Moshe-Mordechai van Zuiden
Psychology, Medicine, Science, Politics, Oppression, Integrity, Philosophy, Jews -- For those who like their news and truths frank and sharp

The holiness of darkness and water

Everything in the Torah is rooted in the first Portion of the Week.

Before we were told in Genesis that anything specific was being created, darkness and water were already there. Darkness was to go to the night (Genesis 1:5), when the moon rules, whom Jews use for orientation in time – Jews who not only must be good but also holy. And water can purify. Darkness and water have a special capacity for supporting holiness. The creation of the Universe was fit for holiness from the very start.

(Genesis 1:3) And then G^d said: “May light be,” and light was being.

(Genesis 1:4) And G^d was seeing that the light was good; and G^d was separating between the light and the darkness. This separation was not between light and darkness as a matter of place (that happened already by creating them as separate entities) as will be the case in the separation in Genesis 1:7. This here was a separation in time, as we will see in the next verse.

(Genesis 1:5) And G^d was calling to the light “Day,” and to the darkness He called “Night.” And it was becoming dusk [and the darkness took its place] and it was becoming dawn [and the light took its place], [together completing] one day.

It must be understood as such, because from dusk to dawn, or from evening to morning, is not a full day, but rather only one night. All goes after its beginning.

It does not say “the first day” to stress the dramatic event of the first day. Also, something is only a first if we know that a second will follow. And a second one will make the first one less special. First let it sink in: a day!

G^d had to keep calling the light to go to the day (the verb is in the past continuous tense) and tell it that it was good, while one call to the darkness to go to the night sufficed (the verb is in the past tense), because fittingly holy means: separated for a higher purpose. Also, G^d did not want to fix darkness too much onto the night as it needed to go into the day during the Plague of Darkness.

(Genesis 1:6) And then G^d was saying: “May a firmament become inside the water and may it divide between water and water.” The Rabbis tell us that this became a cause of strife, as the waters below wanted to be above too, closer to the Throne of Glory. I have another idea.

The waters that were pushed up wanted to be below, because they didn’t want almost all of Creation to die in the great Flood caused by them. Then G^d reassured them that the Flood would also be caused by waters from the deep, and that the waters below later would need to drown the evil perusing Egyptians as the split sea closed. Further He explained that the waters below would be so dangerous to cross that Jews would have to thank G^d for any safely completed sea journey; while people around the world would pray for beneficial rain and dew, year round. Precipitation is a sign of Divine generosity as it comers down both for the good and the wicked. In the end of the day, however, both a body of sea water and one of rain water can purify. That is how the water above and the water below became reconciled to their roles.

About the Author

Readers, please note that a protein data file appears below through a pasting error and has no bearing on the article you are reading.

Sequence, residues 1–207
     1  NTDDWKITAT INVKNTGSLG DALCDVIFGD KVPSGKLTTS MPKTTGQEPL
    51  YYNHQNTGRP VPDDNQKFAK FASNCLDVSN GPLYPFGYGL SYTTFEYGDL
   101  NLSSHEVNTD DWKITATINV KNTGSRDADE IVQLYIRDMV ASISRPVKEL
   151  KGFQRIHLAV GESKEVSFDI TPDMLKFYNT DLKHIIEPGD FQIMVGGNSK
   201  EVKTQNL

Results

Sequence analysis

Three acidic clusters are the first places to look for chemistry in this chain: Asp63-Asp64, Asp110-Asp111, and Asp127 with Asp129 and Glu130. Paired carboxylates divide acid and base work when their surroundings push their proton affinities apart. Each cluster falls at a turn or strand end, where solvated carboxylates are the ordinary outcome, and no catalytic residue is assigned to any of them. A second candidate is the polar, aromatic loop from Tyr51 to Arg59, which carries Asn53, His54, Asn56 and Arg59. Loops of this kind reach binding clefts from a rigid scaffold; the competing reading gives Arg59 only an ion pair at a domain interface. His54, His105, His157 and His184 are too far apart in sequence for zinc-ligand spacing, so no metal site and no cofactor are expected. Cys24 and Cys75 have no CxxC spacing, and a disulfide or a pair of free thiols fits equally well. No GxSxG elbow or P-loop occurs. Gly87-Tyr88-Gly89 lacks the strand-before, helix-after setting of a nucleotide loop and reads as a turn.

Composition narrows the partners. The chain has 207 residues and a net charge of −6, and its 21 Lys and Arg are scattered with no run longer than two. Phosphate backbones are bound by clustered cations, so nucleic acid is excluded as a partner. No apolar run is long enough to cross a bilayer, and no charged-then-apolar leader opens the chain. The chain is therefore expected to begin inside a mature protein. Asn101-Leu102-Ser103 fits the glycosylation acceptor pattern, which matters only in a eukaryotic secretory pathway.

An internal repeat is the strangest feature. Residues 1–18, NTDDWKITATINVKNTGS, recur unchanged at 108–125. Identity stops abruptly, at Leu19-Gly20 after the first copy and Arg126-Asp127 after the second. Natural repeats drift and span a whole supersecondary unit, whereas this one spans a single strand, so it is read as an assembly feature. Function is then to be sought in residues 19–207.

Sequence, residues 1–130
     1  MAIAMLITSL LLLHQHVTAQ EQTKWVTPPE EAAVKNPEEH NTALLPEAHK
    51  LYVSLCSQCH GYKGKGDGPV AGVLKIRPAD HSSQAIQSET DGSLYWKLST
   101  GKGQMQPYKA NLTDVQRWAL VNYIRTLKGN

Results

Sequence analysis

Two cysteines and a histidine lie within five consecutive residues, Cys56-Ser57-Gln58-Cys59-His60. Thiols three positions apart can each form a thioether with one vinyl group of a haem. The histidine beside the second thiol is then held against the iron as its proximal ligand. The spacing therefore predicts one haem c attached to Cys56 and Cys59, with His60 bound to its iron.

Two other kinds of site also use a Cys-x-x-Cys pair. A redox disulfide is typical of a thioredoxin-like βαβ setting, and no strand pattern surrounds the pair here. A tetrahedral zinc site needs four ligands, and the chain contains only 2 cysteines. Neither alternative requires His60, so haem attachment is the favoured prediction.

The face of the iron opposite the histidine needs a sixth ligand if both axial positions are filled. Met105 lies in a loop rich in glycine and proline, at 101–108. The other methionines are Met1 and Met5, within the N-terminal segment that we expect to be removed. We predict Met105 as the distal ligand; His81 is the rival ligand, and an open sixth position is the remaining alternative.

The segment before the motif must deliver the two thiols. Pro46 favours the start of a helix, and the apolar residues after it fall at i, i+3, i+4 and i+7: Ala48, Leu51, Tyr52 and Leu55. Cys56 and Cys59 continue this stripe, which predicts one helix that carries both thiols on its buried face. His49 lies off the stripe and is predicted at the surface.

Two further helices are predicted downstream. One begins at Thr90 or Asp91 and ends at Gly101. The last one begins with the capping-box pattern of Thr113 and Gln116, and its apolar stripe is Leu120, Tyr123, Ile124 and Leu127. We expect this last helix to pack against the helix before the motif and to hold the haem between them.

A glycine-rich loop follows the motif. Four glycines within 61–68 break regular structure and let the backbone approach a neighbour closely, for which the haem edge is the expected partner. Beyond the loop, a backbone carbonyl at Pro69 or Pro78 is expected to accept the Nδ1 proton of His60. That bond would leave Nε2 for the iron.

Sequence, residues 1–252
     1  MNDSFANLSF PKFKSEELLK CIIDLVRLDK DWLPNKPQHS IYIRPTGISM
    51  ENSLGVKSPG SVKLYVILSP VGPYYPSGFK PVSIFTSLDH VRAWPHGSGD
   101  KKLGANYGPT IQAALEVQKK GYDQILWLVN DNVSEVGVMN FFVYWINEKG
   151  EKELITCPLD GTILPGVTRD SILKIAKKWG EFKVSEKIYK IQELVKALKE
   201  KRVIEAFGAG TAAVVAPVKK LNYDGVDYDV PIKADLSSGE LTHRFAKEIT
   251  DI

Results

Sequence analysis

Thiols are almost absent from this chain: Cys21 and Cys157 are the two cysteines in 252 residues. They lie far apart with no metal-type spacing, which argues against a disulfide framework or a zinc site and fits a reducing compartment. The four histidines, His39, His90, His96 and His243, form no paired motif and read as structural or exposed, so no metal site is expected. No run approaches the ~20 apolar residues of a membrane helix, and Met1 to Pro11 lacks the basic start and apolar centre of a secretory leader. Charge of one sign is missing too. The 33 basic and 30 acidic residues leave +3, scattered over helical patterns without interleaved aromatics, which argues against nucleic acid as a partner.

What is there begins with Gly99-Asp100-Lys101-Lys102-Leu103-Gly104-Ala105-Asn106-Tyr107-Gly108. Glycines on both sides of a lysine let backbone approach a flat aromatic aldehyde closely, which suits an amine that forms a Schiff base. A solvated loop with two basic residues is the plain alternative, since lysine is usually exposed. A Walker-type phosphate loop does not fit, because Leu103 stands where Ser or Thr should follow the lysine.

MM is a prolific and creative writer and thinker, previously a daily blog contributor to the TOI. He often makes his readers laugh, mad, or assume he's nuts—close to perfect blogging. He's proud that his analytical short comments are removed both from left-wing and right-wing news sites. None of his content is generated by the new bore on the block, AI. * As a frontier thinker, he sees things many don't yet. He's half a prophet. Half. Let's not exaggerate. Or not at all because he doesn't claim G^d talks to him. He gives him good ideas—that's all. MM doesn't believe that people observe and think in a vacuum. He, therefore, wanted a broad bio that readers interested can track a bit what (lack of) backgrounds, experiences, and educations contribute to his visions. * This year, he will prioritize getting his unpublished books published rather than just blog posts. Next year, he hopes to focus on activism against human extinction. To find less-recent posts on a subject XXX among his over 2000 archived ones, go to the right-top corner of a Times of Israel page, click on the search icon and search "zuiden, XXX". One can find a second, wilder blog, to which one may subscribe too, here: or by clicking on the globe icon next to his picture on top. * Like most of his readers, he believes in being friendly, respectful, and loyal. However, if you think those are his absolute top priorities, you might end up disappointed. His first loyalty is to the truth. He will try to stay within the limits of democratic and Jewish law, but he won't lie to support opinions or people when don't deserve that. (Yet, we all make honest mistakes, which is just fine and does not justify losing support.) He admits that he sometimes exaggerates to make a point, which could have him come across as nasty, while in actuality, he's quite a lovely person to interact with. He holds - how Dutch - that a strong opinion doesn't imply intolerance of other views. * Sometimes he's misunderstood because his wide and diverse field of vision seldomly fits any specialist's box. But that's exactly what some love about him. He has written a lot about Psychology (including Sexuality and Abuse), Medicine (including physical immortality), Science (including basic statistics), Politics (Israel, the US, and the Netherlands, Activism - more than leftwing or rightwing, he hopes to highlight reality), Oppression and Liberation (intersectionally, for young people, the elderly, non-Whites, women, workers, Jews, LGBTQIA+, foreigners and anyone else who's dehumanized or exploited), Integrity, Philosophy, Jews (Judaism, Zionism, Holocaust and Jewish Liberation), the Climate Crisis, Ecology and Veganism, Affairs from the news, or the Torah Portion of the Week, or new insights that suddenly befell him. * Chronologically, his most influential teachers are his parents, Nico (natan) van Zuiden and Betty (beisye) Nieweg, Wim Kan, Mozart, Harvey Jackins, Marshal Rosenberg, Reb Shlomo Carlebach, and, lehavdil bein chayim lechayim, Rabbi Dr. Natan Lopes Cardozo, Rav Zev Leff, and Rav Meir Lubin. This short list doesn't mean to disrespect others who taught him a lot or a little. One of his rabbis calls him Mr. Innovation [Ish haChidushim]. Yet, his originalities seem to root deeply in traditional Judaism, though they may grow in unexpected directions. In fact, he claims he's modernizing nothing. Rather, mainly basing himself on the basic Hebrew Torah text, he tries to rediscover classical Jewish thought almost lost in thousands of years of stifling Gentile domination and Jewish assimilation. (He pleads for a close reading of the Torah instead of going by rough assumptions of what it would probably mean and before fleeing to Commentaries.) This, in all aspects of life, but prominently in the areas of Free Will, Activism, Homosexuality for men, and Redemption. * He hopes that his words will inspire and inform, and disturb the comfortable and comfort the disturbed. He aims to bring a fresh perspective rather than harp on the obvious and familiar. When he can, he loves to write encyclopedic overviews. He doesn't expect his readers to agree. Rather, original minds should be disputed. In short, his main political positions are among others: anti-Trumpism, for Zionism, Intersectionality, non-violence, anti those who abuse democratic liberties, anti the fake ME peace process, for original-Orthodoxy, pro-Science, pro-Free Will, anti-blaming-the-victim, and for down-to-earth, classical optimism, and happiness. Read his blog on how he attempts to bridge any tensions between those ideas or fields. * He is a fetal survivor of the pharmaceutical industry (, born in 1953 to his parents who were Dutch-Jewish Holocaust survivors who met in the largest concentration camp in the Netherlands, Westerbork. He grew up a humble listener. It took him decades to become a speaker too, and decades more to admit to being a genius. But his humility was his to keep. And so was his honesty. Bullies and con artists almost instantaneously envy and hate him. He hopes to bring new things and not just preach to the choir. * He holds a BA in medicine (University of Amsterdam) – is half a doctor. He practices Re-evaluation Co-counseling since 1977, is not an official teacher anymore, and became a friendly, powerful therapist. He became a social activist, became religious, made Aliyah, and raised three wonderful kids. Previously, for decades, he was known to the Jerusalem Post readers as a frequent letter writer. For a couple of years, he was active in hasbara to the Dutch-speaking public. He wrote an unpublished tome about Jewish Free Will. He's a strict vegan since 2008. He's an Orthodox Jew but not a rabbi. * His writing has been made possible by an allowance for second-generation Holocaust survivors from the Netherlands. It has been his dream since he was 38 to try to make a difference by teaching through writing. He had three times 9-out-of-10 for Dutch at his high school finals but is spending his days communicating in English and Hebrew - how ironic. G-d must have a fine sense of humor. In case you wonder - yes, he is a bit dyslectic. If you're a native English speaker and wonder why you should read from people whose English is only their second language, consider the advantage of having an original peek outside of your cultural bubble. * To send any personal reaction to him, scroll to the top of the blog post and click Contact Me. * His newest books you may find here: